NetBSD gives me a clean slate
(NOTE: Sadly, this is becoming increasingly less true)
NetBSD's base system is one of the few these days which actually deserves the term ``base''. It is a basic, uncustomised Unix system and that's it. NetBSD does not install web servers (actually, the bozotic HTTP server has been in base since 5.0, so this is no longer true. But it used to be) and browsers or scripting languages (actually, there's a push to put Lua into base, and even the kernel(!). I think this might be slated for 6.0) by default. It does not install vim for me and symlink vi to it without asking. If I install X, it does not presume to know what window manager I want to use or how I want it to look and feel and do the corresponding installation and configuration for me.
More so than on any other operating system I've tried, everything about a NetBSD system is the way it is because the administrator made it that way. I like it that way.
NetBSD releases are fairly infrequent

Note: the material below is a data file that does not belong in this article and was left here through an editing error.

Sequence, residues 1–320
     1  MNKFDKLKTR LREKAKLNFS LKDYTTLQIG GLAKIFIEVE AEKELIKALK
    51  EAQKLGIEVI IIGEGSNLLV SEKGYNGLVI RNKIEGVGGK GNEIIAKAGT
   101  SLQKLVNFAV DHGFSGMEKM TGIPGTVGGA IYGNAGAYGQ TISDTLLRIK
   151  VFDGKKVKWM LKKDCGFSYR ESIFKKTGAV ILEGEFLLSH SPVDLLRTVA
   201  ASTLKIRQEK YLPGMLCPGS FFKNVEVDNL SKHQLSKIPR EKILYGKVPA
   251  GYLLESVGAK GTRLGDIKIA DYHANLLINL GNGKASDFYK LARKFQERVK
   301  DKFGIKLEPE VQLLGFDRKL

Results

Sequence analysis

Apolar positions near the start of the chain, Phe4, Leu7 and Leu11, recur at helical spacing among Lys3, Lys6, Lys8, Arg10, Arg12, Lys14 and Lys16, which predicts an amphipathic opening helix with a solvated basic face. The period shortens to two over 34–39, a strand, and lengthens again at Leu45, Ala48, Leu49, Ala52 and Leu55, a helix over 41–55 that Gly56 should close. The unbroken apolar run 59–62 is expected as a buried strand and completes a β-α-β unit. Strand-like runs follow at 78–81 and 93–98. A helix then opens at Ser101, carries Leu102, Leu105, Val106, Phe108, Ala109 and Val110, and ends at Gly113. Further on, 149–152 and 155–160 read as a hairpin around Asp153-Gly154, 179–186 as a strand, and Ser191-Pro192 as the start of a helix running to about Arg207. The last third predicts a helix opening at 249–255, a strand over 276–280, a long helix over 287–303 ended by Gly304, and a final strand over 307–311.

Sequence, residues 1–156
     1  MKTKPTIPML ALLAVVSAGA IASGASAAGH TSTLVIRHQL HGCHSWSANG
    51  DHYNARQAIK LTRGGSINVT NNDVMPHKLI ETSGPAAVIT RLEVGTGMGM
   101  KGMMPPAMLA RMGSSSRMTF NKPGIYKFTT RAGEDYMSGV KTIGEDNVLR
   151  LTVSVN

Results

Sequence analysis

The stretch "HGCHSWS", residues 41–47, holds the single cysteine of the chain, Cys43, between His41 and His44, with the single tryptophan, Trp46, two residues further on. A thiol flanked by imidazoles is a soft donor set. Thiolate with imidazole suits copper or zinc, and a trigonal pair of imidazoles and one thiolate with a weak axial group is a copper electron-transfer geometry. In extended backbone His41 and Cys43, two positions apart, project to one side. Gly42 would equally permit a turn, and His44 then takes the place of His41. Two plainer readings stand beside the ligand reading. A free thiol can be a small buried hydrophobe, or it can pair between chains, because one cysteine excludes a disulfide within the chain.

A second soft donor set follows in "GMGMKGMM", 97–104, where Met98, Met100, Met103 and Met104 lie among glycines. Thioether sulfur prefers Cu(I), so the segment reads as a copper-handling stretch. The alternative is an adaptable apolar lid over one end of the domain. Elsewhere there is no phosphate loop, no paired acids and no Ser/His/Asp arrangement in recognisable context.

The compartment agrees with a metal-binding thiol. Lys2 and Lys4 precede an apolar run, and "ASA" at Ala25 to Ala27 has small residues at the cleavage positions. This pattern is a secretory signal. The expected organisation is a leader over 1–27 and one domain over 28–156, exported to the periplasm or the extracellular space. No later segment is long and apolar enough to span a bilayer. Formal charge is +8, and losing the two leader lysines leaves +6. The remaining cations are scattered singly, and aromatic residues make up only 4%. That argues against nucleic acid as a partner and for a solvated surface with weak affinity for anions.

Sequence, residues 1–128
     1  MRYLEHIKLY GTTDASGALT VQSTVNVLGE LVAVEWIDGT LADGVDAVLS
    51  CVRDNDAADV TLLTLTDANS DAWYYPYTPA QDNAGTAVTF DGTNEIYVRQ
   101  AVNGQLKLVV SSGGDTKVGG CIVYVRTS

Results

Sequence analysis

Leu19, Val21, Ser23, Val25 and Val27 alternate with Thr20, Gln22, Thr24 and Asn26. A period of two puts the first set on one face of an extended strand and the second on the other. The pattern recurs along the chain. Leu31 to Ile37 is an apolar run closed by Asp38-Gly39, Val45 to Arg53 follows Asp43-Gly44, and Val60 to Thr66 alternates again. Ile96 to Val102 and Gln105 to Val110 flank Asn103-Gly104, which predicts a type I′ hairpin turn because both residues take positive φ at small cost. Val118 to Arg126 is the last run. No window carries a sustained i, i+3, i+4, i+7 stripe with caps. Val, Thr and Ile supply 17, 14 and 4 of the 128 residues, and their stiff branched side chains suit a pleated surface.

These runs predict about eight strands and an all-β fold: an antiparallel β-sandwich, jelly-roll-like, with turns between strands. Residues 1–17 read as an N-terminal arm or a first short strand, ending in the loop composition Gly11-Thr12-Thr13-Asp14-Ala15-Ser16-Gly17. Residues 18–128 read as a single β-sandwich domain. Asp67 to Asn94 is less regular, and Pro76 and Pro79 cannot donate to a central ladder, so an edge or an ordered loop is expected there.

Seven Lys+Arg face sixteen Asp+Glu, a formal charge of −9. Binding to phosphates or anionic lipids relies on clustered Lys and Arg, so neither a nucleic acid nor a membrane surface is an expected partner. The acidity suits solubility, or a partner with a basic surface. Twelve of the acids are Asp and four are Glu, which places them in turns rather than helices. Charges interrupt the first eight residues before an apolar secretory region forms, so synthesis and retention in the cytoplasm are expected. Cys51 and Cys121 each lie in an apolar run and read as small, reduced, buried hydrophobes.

New major releases of NetBSD tend to come out something like a year or two apart, as opposed to every six months like clockwork as is the case for OpenBSD or a lot of popular Linux distributions. I get the impression that most people would think this is a bad thing, but I actually prefer it. Significant upgrades are a pain in the butt. They take up my time and my bandwidth and they mean downtime for servers, tedious updating of config files and possible breakage. I'd prefer not to have to deal with that every six months just for the sake of it. Of course, sometimes upgrades mean exciting new features too. But there are plenty of applications where you don't want or need the latest and greatest ideas and technologies being integrated into the system as soon as they're available, you just want a basic Unix system that works, and NetBSD is fantastic in that situation.